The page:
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Genes (Basel). 2019 Aug 20;10(8). pii: E627. doi: 10.3390/genes10080627.

Chromosomics: Bridging the Gap between Genomes and Chromosomes.

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Institute for Applied Ecology, University of Canberra, Canberra, ACT 2617, Australia.
Research School of Biology, Australian National University, Acton, ACT 2601, Australia.
Australian Museum Research Institute, Australian Museum, 1 William St Sydney, NSW 2010, Australia.
Institute for Systems Genomics and Department of Molecular and Cell Biology, University of Connecticut, Storrs, CT 06269, USA.
Departament de Biologia Cel·lular, Fisiologia i Immunologia, Universitat Autònoma de Barcelona, 08193 Cerdanyola del Vallès, Spain.
Genome Integrity and Instability Group, Institut de Biotecnologia i Biomedicina, Universitat Autònoma de Barcelona, 08193 Cerdanyola del Vallès, Spain.
Laboratório de Citogenética de Peixes, Departamento de Genética e Evolução, Universidade Federal de São Carlos, São Carlos, SP 13565-905, Brazil.
Graduate School of Pharmaceutical Sciences, Osaka University, Suita 565-0871, Osaka, Japan.
Institute for Applied Ecology, University of Canberra, Canberra, ACT 2617, Australia.
School of Life Sciences, LaTrobe University, Melbourne, VIC 3168, Australia.
School of Biosciences, University of Kent, Canterbury CT2 7NJ, UK.
School of Biological Sciences, The University of Adelaide, Adelaide, SA 5005, Australia.
Department of Ecology, Faculty of Science, Charles University, Viničná 7, 128 44 Prague 2, Czech Republic.
Amphibian Research Center, Hiroshima University, Higashi-Hiroshima 739-8526, Japan.
Laboratory of Animal Cytogenetics & Comparative Genomics (ACCG), Department of Genetics, Faculty of Science, Kasetsart University, Bangkok 10900, Thailand.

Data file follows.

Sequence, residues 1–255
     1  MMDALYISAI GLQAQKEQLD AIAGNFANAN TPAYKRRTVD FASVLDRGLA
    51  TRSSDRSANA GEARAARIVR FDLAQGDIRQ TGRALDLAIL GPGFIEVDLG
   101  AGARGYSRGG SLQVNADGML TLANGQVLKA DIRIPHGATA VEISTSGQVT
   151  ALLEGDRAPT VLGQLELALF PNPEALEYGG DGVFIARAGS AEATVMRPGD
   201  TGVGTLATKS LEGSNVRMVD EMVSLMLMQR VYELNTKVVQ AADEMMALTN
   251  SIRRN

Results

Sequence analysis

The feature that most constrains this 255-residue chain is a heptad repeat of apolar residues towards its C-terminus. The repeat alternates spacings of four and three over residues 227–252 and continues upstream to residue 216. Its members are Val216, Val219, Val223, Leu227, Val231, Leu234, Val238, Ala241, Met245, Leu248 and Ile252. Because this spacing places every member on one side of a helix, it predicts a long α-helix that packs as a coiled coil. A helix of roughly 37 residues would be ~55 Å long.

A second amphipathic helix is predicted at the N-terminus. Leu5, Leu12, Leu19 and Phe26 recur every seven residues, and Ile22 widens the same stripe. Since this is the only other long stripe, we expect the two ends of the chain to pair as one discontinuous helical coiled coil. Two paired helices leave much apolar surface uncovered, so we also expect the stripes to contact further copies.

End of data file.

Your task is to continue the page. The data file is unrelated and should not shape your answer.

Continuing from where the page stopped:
School of Natural Sciences, University of Tasmania, Hobart 7000, Australia.
Institute for Applied Ecology, University of Canberra, Canberra, ACT 2617, Australia.


The recent advances in DNA sequencing technology are enabling a rapid increase in the number of genomes being sequenced. However, many fundamental questions in genome biology remain unanswered, because sequence data alone is unable to provide insight into how the genome is organised into chromosomes, the position and interaction of those chromosomes in the cell, and how chromosomes and their interactions with each other change in response to environmental stimuli or over time. The intimate relationship between DNA sequence and chromosome structure and function highlights the need to integrate genomic and cytogenetic data to more comprehensively understand the role genome architecture plays in genome plasticity. We propose adoption of the term 'chromosomics' as an approach encompassing genome sequencing, cytogenetics and cell biology, and present examples of where chromosomics has already led to novel discoveries, such as the sex-determining gene in eutherian mammals. More importantly, we look to the future and the questions that could be answered as we enter into the chromosomics revolution, such as the role of chromosome rearrangements in speciation and the role more rapidly evolving regions of the genome, like centromeres, play in genome plasticity. However, for chromosomics to reach its full potential, we need to address several challenges, particularly the training of a new generation of cytogeneticists, and the commitment to a closer union among the research areas of genomics, cytogenetics, cell biology and bioinformatics. Overcoming these challenges will lead to ground-breaking discoveries in understanding genome evolution and function.


centromere; chromosome rearrangements; cytogenetics; evolution; genome biology; genome plasticity; sex chromosomes

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